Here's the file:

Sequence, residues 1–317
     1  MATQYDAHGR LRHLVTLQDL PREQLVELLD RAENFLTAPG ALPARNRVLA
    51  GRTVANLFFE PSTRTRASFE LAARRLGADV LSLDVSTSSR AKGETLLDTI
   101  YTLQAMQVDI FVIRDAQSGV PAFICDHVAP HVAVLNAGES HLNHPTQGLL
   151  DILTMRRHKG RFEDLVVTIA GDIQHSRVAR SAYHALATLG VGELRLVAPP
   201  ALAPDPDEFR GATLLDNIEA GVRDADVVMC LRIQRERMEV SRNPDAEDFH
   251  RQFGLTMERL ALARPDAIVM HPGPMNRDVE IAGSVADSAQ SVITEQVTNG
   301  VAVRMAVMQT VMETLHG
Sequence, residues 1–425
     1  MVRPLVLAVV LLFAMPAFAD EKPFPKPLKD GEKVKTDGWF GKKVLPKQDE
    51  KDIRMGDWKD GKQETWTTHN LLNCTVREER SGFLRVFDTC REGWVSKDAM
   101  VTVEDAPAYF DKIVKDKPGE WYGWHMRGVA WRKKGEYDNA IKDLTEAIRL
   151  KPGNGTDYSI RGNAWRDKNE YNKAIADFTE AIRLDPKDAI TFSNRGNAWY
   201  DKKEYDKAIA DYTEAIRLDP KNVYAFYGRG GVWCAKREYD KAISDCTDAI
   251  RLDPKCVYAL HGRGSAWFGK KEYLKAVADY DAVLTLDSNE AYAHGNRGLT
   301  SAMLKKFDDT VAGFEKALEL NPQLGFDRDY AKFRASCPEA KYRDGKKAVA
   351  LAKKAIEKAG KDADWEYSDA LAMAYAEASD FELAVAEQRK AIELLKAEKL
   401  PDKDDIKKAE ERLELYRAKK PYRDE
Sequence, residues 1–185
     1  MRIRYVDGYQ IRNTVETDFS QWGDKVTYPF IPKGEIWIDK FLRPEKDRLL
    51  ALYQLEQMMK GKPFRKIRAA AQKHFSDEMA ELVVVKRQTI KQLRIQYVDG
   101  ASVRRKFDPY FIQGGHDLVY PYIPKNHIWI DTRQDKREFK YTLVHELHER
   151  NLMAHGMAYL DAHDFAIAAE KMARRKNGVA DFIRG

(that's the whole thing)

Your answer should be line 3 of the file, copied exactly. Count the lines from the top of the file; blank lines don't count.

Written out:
    51  GRTVANLFFE PSTRTRASFE LAARRLGADV LSLDVSTSSR AKGETLLDTI